The other thing that bugged me was that my manager had scheduled that meeting almost a full week ahead of the day I was let go and the subject line was something about following up on training. So dorky me flounces into a meeting thinking we’re going to talk about training and productivity, when it was all a ruse to get me into HR’s office exactly at 9am.
I kept busy doing all the usual jobseeker stuff. Updated my resume, added people to LinkedIn, met with recruiters, surfed the job boards, and waited for something to happen. But until I made the conscious effort to believe that when a door closes another opens, not much happened. I had to stop turning back and looking at that closed door with regret before something great would come of this situation.
So when I made the decision to stop reading that chapter over and over and open my mind to the next, things started to happen and I realized that losing my job was the best thing that ever happened to me. I started to enjoy my time off. I found an incredible nature center less than 2 miles from my house that I now go to several times a week. I love hiking the trails and listening to the sounds of and sights of the various creatures and vegetation in there. It’s become one of my favorite places.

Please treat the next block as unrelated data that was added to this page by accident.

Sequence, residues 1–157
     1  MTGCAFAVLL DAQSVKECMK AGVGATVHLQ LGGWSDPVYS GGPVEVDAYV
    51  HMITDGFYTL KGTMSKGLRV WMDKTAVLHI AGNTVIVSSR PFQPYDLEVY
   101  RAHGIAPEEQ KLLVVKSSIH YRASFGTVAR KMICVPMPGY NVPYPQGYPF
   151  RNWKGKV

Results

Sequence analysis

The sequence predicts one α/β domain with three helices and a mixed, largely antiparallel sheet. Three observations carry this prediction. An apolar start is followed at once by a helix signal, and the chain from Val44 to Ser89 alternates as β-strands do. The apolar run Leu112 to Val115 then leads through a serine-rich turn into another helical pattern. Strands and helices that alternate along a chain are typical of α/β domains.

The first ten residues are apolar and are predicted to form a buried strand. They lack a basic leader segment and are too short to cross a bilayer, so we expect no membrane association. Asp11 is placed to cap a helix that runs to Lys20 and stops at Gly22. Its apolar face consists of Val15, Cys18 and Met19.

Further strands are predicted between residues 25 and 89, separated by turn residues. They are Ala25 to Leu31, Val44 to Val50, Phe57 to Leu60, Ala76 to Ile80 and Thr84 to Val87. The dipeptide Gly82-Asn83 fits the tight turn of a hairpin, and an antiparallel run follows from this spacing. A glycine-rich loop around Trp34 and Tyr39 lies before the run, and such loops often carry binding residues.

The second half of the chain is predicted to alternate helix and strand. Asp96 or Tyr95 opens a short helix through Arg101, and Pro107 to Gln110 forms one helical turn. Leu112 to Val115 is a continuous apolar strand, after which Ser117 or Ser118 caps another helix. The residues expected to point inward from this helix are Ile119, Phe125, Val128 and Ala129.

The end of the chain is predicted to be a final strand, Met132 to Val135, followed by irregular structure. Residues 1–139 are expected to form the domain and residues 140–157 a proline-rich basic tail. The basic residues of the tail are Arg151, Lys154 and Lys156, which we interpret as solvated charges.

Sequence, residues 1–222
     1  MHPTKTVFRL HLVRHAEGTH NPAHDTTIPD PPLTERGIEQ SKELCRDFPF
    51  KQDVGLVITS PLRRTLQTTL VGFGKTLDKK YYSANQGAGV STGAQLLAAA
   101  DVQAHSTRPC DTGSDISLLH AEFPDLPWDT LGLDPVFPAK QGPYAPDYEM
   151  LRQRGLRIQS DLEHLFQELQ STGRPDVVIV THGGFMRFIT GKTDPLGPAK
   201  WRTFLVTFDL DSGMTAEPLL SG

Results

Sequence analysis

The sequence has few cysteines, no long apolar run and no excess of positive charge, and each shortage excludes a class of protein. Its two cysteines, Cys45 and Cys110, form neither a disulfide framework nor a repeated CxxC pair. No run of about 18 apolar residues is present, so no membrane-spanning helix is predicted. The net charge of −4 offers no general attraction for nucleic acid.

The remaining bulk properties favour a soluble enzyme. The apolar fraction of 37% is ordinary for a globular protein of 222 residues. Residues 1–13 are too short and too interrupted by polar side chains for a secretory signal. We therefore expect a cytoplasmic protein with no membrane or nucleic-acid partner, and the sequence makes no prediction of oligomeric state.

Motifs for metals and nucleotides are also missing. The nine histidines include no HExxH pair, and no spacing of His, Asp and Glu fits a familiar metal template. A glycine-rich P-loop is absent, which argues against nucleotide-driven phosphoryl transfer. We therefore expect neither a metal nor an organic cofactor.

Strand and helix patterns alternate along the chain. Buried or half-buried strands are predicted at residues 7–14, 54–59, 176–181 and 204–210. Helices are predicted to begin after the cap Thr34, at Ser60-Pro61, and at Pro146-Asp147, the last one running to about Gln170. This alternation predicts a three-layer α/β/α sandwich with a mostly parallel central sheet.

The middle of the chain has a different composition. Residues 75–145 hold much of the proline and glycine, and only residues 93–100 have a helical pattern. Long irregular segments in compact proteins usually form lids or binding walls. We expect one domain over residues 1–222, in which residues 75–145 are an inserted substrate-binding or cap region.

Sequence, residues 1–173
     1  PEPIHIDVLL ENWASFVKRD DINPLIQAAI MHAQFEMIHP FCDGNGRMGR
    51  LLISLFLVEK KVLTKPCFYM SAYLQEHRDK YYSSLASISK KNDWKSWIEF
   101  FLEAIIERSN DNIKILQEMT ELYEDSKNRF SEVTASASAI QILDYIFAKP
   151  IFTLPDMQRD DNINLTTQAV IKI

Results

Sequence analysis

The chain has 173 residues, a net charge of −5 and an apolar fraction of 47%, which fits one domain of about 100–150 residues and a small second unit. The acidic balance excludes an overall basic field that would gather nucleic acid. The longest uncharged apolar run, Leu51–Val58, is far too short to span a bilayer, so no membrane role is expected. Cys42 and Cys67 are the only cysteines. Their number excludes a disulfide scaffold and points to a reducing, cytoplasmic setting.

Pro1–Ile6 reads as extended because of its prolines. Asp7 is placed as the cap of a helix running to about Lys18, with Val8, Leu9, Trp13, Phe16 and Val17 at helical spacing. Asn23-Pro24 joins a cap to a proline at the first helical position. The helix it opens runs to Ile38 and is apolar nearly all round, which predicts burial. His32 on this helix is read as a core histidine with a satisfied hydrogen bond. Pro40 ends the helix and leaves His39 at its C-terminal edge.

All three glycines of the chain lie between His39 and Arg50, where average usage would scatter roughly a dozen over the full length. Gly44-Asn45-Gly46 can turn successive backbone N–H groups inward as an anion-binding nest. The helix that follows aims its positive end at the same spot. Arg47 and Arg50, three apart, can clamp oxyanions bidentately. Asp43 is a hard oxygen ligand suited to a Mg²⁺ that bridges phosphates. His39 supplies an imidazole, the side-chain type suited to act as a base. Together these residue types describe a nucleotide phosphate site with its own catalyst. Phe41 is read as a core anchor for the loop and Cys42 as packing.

I was so sleep deprived when I was working and had six weeks to catch up on sleep. I spent tons of time with my parents. I did a little work on the house, cooked some new recipes for dinners, and took some weekend trips to visit relatives I haven’t seen in ages. I caught up on some old movies and dusty books that were waiting to be read and really enjoyed my time off.
And just when I was starting to feel like I had enough time off a new job popped up out of the most unlikely place. I happened to be talking to an online contact that I did some freelance work for and told her I had lost my job. She had been writing up a job description for a position she needed to fill and thought it sounded just like me.
Within just a few days I was hired and I absolutely love my job. Yes, you heard that right. I. Love. My. Job. I’m still able to use some of the skills from my previous career which is great but I’m learning so many new things and it’s a blast. Now instead of laying in bed at night worrying about work, I lay in bed wondering what fun task tomorrow will bring. Instead of waking up and wishing I could hit the snooze button all day, I get right up and sieze the day. And instead of watching the clock all day and wondering when I’ll get to go home, I now look up at the clock and wonder how the time passed so quickly.
You see, when all was said and done I lost my job and a few people I thought were friends, but along the way I found myself and found out who my true friends are. For the first time in my life I am truly happy. I’m so happy that I stopped turning back to that closed door and faced the one that was about to be opened upon me. I love my job, I love my co-workers, I love my boss, I love being able to travel a bit for work. I love working from home full time with my cat beside me. I love that I’m closer to my husband and that he comes home to a happy wife at the end of his day. I love life.